Friday, March 9, 2012
Separating the signal from the noise
One of my specialties as an engineer has been what is called Six Sigma analysis. Not to bore those of you unfamiliar with manufacturing, let me simply put it this way: six sigma is a series of statistical processes that allow you to make good quality decisions about a process based upon some samples or experimental results. As such it is a very useful skillset for science and engineering.
One of the reasons that I have been so successful with six sigma, though, has little to do with the actual six sigma process. Rather, it is my ability to "separate the signal from the noise." What I mean by this is: in any informational system or dataset, the useful variable for which you are searching is mixed in, and hidden by, a tremendous amount of "noise"--distracting data and results which keep you from drawing the right conclusions. Like the image above, the 'signal' you desire to hear is corrupted and hidden by noise around it.
I cannot help but see similarities in our world today. It is hard to properly verbalize the drastic nature of our technological advancement: just a century ago, people were still debating whether electricity was safe enough to use, and whether airplanes could fly. Now, we have wireless internet access on our inter-continental flights.
The Internet, in particular, has brought an amazing wealth of available information. Nothing seems to be hidden any more. A photo or sext or ill-advised tweet ruins careers forever; any information can be found on any topic in moments; corruption and data-faking are exposed. Theologically, you no longer need years of poring over dusty textbooks to learn Greek; instead, anyone with an iPad can log on and access dozens of concordances and lexicons explaining all possible interpretations of a word.
It should be, frankly, the Golden Age of theology. We have access to more tools than ever before; theories and discussions can be had at light speed with colleagues from around the world; and we have the best understanding in history of the natural world and archaeological data.
And yet...it doesn't seem to me to be a golden age of theology. We have all of this access to our brothers and sisters around the globe, all this access to information...and we use it to simply split more churches, generate more strife, further separate the Body of Christ.
You see, I think we struggle greatly to separate the signal from the noise. We are inundated as Christians today with debate topics, from the scientific to the theological to the historical. And anyone with a wi-fi connection can self-publish a blog or a book or a research paper with any manner of claims, based on the overwhelming mass of information available on the Internet.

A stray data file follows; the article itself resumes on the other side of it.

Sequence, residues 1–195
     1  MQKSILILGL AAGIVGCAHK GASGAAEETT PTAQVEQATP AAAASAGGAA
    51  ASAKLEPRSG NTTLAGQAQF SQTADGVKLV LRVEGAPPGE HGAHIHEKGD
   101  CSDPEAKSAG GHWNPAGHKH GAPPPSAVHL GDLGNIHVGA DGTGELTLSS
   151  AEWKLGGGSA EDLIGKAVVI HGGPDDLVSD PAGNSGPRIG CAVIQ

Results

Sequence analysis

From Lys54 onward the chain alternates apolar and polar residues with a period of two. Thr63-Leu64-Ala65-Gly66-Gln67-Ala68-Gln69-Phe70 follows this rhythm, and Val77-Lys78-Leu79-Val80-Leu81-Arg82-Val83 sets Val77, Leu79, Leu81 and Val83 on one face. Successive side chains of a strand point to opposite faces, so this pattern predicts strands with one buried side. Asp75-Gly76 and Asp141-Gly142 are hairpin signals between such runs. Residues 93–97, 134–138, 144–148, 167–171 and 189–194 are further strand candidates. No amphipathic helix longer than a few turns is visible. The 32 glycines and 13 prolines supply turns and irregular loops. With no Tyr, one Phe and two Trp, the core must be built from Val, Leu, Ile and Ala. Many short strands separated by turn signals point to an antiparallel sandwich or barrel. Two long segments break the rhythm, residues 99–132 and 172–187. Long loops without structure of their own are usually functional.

So now we find ourselves in a time in which we have access to more information than ever in history, and everyone claims to have a detailed belief (either for or against) Christianity...and yet: fewer than half of Americans can name the first book of the Bible; fewer than a third know who delivered the Sermon on the Mount; eighty percent of evangelicals believe the Bible says, "God helps those who help themselves"; twelve percent of Christians think Joan of Arc was Noah's wife; and one in four Americans do not know what Easter celebrates. (Simply do a search for "Biblical illiteracy statistics" and you will be shocked.)
It is severely ironic: Christians once were ignorant because only the priests could read and they chose to withhold information. Now we are ignorant because, in the wealth of information available to us, we cannot distinguish truth from fiction.
So how do we, as Christians, separate the signal from the noise?
Honestly, I think the cure for separating theological signals from the noise comes from three places.
First, you must actively study the Scripture. There are dozens of online resources to help you here. If you have never done so, start by choosing a "Read the New Testament in a Year" reading schedule. That will help give you the high-level scope of how things fit together, which is so critical to understanding context. Regardless of what you choose, create habits of spending time every day in the Scripture. And rather than just choose some random verses here or there, pick a book and read it end-to-end. That is the best way to see how things fit together contextually.
Second, as I have said many times before before, I find it critical as Christians that we always have a clear separation in our minds between Essentials of our faith and Non-Essentials of our faith. Be absolutely rock-solid on the essentials. And on the non-essentials, feel free to give leeway and liberty. This will help you to always keep the appropriate focus in your mind. Remember the key essentials and you will be much more easily able to see through the noise to get to the important signal in a passage.
Third, find a church where the Scripture is taught. This is sadly becoming all too rare today, but it is important. In Acts 2, we see that the first Christians spent time together frequently, studying the teachings of the apostles. Yet many churches today have lost focus on educating about the Scripture, and instead talk exclusively about Christian lifestyles. True, you need practicality--no question there. But church is not about choosing "either/or": you do not have to choose either a practical church or an educational church. Find one where you are learing more about the Bible all the time: what do the words mean, what did the culture mean, etc. These things will help you to sort through the theological noise and focus on the true signal in your life.